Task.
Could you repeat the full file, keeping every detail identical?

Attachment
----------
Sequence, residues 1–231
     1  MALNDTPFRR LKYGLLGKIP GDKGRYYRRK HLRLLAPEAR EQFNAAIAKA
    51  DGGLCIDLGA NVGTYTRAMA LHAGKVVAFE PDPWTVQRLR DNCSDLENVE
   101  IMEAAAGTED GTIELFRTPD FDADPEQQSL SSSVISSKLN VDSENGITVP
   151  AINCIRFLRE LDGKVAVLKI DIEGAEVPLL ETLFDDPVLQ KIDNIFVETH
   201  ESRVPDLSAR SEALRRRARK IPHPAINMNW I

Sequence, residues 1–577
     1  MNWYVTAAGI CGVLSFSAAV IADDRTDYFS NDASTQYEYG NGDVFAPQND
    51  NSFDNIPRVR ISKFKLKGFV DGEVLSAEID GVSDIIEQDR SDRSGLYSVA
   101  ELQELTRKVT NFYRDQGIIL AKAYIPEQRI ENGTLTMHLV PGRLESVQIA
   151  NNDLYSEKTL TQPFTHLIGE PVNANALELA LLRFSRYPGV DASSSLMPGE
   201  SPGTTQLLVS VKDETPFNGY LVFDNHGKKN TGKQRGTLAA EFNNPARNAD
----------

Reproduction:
Sequence, residues 1–231
     1  MALNDTPFRR LKYGLLGKIP GDKGRYYRRK HLRLLAPEAR EQFNAAIAKA
    51  DGGLCIDLGA NVGTYTRAMA LHAGKVVAFE PDPWTVQRLR DNCSDLENVE
   101  IMEAAAGTED GTIELFRTPD FDADPEQQSL SSSVISSKLN VDSENGITVP
   151  AINCIRFLRE LDGKVAVLKI DIEGAEVPLL ETLFDDPVLQ KIDNIFVETH
   201  ESRVPDLSAR SEALRRRARK IPHPAINMNW I

Sequence, residues 1–577
     1  MNWYVTAAGI CGVLSFSAAV IADDRTDYFS NDASTQYEYG NGDVFAPQND
    51  NSFDNIPRVR ISKFKLKGFV DGEVLSAEID GVSDIIEQDR SDRSGLYSVA
   101  ELQELTRKVT NFYRDQGIIL AKAYIPEQRI ENGTLTMHLV PGRLESVQIA
   151  NNDLYSEKTL TQPFTHLIGE PVNANALELA LLRFSRYPGV DASSSLMPGE
   201  SPGTTQLLVS VKDETPFNGY LVFDNHGKKN TGKQRGTLAA EFNNPARNAD